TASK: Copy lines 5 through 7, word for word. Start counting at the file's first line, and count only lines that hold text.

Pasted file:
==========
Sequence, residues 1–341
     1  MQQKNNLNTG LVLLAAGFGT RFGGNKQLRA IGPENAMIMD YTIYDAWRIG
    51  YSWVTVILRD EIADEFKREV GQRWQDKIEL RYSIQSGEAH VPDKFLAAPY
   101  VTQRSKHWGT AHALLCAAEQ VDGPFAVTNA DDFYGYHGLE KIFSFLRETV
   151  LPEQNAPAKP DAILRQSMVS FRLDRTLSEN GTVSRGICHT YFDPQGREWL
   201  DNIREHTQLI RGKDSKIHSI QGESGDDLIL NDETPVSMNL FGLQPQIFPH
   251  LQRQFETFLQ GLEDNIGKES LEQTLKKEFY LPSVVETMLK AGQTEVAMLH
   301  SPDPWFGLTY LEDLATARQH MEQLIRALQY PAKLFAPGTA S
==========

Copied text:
   151  LPEQNAPAKP DAILRQSMVS FRLDRTLSEN GTVSRGICHT YFDPQGREWL
   201  DNIREHTQLI RGKDSKIHSI QGESGDDLIL NDETPVSMNL FGLQPQIFPH
   251  LQRQFETFLQ GLEDNIGKES LEQTLKKEFY LPSVVETMLK AGQTEVAMLH